first_imgMore than 200 people attended the recruiting event “LA to the Bay: A Tech Recruitment Event,” held last night in the Annenberg Innovation Lab. The event included a panel discussion and was co-hosted by Girls in Tech USC, the Society of Women Engineers and the Association of Computing Machinery. The event was supported by Blackstone LaunchPad, an entrepreneurship education program.Connectivity · Companies represented at the “LA to the Bay: A Tech Recruitment Event” included professionals from Facebook, Uber, Blizzard Entertainment and Hulu, who met with students. – Samuel Chang | Daily TrojanThe event began with a panel discussion featuring recruiters and professionals from Facebook, Uber, Blizzard and Hulu. It was moderated by Lauren McGoodwin, a former recruiter at Hulu and founder of Career Contessa, a website geared towards inspiring millennial women. Students also participated in a networking session and submitted their resumes.Questions during the panel discussion ranged from the interview process to company culture.“The main purpose of this event is to give students a chance to interact with companies that usually don’t come to campus. This event gives students a more intimate environment to speak with the companies that they really want to work for,” Sara Clayton, founder of the USC chapter of Girls in Tech, said.Clayton said she wants to build up the alumni network in technology.“The USC network is already really big and we have a ton of alumni at great places, but I think tech is definitely an emerging network for USC,” she said. “As we have more events like this, we’ll have more alumni at great companies like Facebook and Uber.”Though almost 700 students RSVP’d for the event on Facebook, only around 200 students were allowed into the venue due to maximum capacity issues.“I thought it was great,” Calvin LeGassick, a sophomore majoring in computer science, said. “The turnout was much more than I expected. It’s exciting to see students, especially female engineers, come out to recruiting events like this.”LeGassick also works for Blackstone LaunchPad, whose programs at various universities aim to house and train the next generation of entrepreneurs.Alex Zhang, a sophomore majoring in business administration, said there were drawbacks to the large amount of student interest in the event.“The lines are incredibly long, so as each person waits in line and each recruiter meets another person, faces start to combine and the recruiter gets less one-on-one time with each individual student,” he said. “It was definitely good publicity for the organizing companies since they were able to attract top students and top companies to come here at USC to speak.”Zhang was interested in the panel discussion of the various company cultures.“Facebook emphasized that their brand was at the top of their priority list, and they really wanted to emphasize that their goal was to make the world a more connected place, and if you didn’t have that mission in mind, then you’re probably not the best fit for Facebook,” Zhang said.Clayton chose to team up with SWE and ACM because she said they are the powerhouse groups of the Viterbi School of Engineering.“SWE is a very female-forward organization, and I think one of the main issues in tech is that there aren’t enough females, so a lot of companies are making the effort to recruit members from SWE and Girls in Tech,” she said. “These companies want to bring more women in tech and increase their diversity.”Zhang also commented on the demographics of the students who attended.“I saw a lot of graduate students and a lot of first generation students, which was really interesting because I thought the companies here would attract a larger array of more diverse students,” he said. “I am pretty confident that this event had about 70 percent graduate students, which I thought was interesting since I originally thought companies like Facebook and Uber would attract younger demographics like myself.”Zhang said some of his friends left because they felt discouraged sitting alongside very experienced graduate students.“I am definitely looking into hosting another event like this in the future. We would definitely need a bigger venue,” Clayton said.last_img read more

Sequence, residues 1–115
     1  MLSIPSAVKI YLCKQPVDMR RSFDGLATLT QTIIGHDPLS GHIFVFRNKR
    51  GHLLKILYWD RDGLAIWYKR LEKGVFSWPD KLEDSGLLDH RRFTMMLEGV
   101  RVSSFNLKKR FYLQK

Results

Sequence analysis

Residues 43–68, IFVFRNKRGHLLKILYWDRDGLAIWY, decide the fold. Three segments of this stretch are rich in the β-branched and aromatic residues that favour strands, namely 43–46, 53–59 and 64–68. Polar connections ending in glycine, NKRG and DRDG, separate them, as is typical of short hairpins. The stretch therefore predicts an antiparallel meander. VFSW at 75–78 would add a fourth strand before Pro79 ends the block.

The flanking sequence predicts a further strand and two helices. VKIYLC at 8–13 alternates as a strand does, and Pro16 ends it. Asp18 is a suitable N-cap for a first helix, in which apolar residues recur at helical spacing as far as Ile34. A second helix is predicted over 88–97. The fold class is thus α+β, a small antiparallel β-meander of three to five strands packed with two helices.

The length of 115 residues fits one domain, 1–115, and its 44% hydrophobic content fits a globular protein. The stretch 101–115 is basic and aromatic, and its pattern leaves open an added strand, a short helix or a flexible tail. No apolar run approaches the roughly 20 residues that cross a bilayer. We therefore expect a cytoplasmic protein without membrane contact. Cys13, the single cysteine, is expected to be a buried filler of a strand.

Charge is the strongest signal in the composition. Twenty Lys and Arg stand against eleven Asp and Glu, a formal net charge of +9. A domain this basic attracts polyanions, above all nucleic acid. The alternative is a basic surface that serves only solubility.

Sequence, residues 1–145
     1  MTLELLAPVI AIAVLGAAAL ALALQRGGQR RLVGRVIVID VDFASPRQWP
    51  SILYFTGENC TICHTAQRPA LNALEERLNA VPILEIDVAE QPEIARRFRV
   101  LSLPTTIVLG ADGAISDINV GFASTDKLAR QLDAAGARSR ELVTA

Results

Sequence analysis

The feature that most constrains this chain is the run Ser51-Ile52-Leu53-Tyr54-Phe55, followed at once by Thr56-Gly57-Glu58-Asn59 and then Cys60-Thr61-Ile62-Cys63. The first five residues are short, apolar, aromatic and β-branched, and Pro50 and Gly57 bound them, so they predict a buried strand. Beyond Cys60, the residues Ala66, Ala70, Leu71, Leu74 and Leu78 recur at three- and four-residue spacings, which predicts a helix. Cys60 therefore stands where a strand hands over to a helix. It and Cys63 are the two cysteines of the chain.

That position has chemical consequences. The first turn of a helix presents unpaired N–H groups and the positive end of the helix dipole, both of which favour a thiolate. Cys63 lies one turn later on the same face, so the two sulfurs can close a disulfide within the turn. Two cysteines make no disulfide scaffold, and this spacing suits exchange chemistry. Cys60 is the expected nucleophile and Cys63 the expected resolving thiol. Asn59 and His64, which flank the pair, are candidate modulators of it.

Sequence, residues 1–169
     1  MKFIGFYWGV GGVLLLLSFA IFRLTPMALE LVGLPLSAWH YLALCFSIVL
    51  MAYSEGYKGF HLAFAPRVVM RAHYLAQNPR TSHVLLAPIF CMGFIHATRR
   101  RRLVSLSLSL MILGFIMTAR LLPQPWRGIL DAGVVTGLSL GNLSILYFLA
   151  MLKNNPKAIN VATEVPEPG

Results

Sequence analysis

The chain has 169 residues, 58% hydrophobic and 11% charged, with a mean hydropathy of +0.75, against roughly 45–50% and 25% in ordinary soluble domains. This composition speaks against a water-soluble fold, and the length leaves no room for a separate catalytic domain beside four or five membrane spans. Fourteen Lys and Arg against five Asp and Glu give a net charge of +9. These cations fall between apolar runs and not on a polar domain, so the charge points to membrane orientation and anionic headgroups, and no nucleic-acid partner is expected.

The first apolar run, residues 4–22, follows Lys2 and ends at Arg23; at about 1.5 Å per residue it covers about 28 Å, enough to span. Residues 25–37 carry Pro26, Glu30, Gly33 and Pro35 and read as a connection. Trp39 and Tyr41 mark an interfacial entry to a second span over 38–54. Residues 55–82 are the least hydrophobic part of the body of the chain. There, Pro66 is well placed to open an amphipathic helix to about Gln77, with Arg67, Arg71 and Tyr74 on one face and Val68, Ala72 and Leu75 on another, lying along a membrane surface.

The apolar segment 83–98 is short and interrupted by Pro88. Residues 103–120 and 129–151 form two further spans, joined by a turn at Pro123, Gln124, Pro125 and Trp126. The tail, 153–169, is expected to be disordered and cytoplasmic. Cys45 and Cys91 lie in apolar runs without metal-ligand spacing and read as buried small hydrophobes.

Countdown is on for Sars clash with Ballygunner

first_imgPhoto ©Stephen Gleeson Waterford’s Ballygunner will be gunning for Tipperary champions Thurles Sarsfields this weekend.The sides meet in Walsh Park, Waterford on Sunday in the Munster Club Hurling Quarter final.Sars defeated the Waterford champions when they met in the munster championship last time out – so Ballygunner are out for revenge. Former Tipperary hurler, and Thurles Sarsfields man Ger ‘Redser’ O’Grady says Ballygunner have the calibre of players to come out on top…Tipp FM’s live coverage of the game comes in association with Arrabawn Tyone Mill, Nenagh.last_img